We must not think that in everything and everywhere his judgment is infallible, but then only when he gives judgment on a matter of faith in questions necessary to the whole Church; for in particular cases which depend on human fact he can err, there is no doubt, though it is not for us to control him in these cases save with all reverence, submission, and discretion. Theologians have said, in a word, that he can err in questions of fact, not in questions of right; that he can err extra cathedram, outside the chair of Peter. that is, as a private individual, by writings and bad example.

    5. There is nothing that Pope Francis has done or said that points to an intent to teach ex cathedra. It doesn't seem that he ever intends to as indicated by renewing his passport as Bergoglio and not Pope Francis. Therefore it is at least possible for his words and actions to contain at least some error.

    6. This is your error: you confuse the Pope teaching with the Pope acting in a way that does not involve teaching, The Pope giving a private homily, governing Vatican City (or, previously, the Papal States), giving a press conference, or writing a book not intended to teach (like Benedict XVI in his “Jesus of Nazareth” books. He is not infallible in making appointments.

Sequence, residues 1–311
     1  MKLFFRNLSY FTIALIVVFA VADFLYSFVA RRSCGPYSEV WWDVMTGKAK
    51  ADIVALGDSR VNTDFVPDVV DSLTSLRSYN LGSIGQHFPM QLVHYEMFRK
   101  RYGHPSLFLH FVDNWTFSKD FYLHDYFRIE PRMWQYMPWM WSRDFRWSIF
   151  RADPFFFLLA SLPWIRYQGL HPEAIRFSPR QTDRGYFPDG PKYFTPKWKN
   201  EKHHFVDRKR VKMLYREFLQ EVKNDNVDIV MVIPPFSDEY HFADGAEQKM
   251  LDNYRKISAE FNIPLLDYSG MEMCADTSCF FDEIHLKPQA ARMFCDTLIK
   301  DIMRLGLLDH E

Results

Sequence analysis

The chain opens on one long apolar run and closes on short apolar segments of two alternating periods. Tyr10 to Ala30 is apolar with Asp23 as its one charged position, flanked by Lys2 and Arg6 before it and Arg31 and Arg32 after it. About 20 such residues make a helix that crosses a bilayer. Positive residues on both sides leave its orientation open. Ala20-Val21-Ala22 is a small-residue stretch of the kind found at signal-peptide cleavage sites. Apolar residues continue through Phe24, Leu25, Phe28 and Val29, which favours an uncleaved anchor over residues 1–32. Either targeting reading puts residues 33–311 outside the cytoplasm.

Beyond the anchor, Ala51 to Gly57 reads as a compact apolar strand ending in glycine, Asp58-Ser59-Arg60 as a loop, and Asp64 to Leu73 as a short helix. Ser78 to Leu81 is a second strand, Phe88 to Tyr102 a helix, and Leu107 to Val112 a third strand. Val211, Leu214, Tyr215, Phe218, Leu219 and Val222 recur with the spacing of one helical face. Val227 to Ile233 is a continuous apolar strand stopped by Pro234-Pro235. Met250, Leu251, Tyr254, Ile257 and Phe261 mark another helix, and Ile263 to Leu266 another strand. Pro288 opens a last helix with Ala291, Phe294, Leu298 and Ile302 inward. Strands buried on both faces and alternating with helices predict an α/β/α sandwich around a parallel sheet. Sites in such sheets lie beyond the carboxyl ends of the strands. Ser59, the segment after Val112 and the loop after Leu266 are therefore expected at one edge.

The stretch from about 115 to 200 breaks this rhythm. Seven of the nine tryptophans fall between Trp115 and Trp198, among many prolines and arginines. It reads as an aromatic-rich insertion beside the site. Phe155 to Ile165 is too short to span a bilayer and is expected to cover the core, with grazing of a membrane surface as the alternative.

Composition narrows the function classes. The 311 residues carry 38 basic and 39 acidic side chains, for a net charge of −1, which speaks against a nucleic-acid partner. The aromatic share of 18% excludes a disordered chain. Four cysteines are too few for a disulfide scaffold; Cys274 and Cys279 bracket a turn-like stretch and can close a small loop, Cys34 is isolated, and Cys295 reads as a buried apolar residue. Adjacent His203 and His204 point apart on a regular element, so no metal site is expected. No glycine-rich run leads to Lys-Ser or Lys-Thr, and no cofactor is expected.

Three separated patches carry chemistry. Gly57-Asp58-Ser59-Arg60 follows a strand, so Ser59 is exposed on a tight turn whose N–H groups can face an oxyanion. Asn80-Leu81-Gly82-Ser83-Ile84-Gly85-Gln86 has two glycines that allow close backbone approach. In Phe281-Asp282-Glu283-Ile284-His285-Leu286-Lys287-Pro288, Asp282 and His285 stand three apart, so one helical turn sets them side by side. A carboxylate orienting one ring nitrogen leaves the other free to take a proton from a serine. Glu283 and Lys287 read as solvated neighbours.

But, when he issues a papal document, amends the Catechism, etc., he is teaching on faith and morals.

      In matters of discipline, a successor can change the policy of his predecessor, but neither the original or the change is considered an “error”.

      So your citation of St. Francis de Sales doesn’t contradict my points as the Saint is speaking on a different matter.

    7. I’ve already answered your argument on “ex cathedra.” It is an error on your part to think only that is protected (see CCC #892).

      At this point, I fail to see what further discussion will accomplish. So, unless you have official magisterial documents to cite, this is no point in continuing it.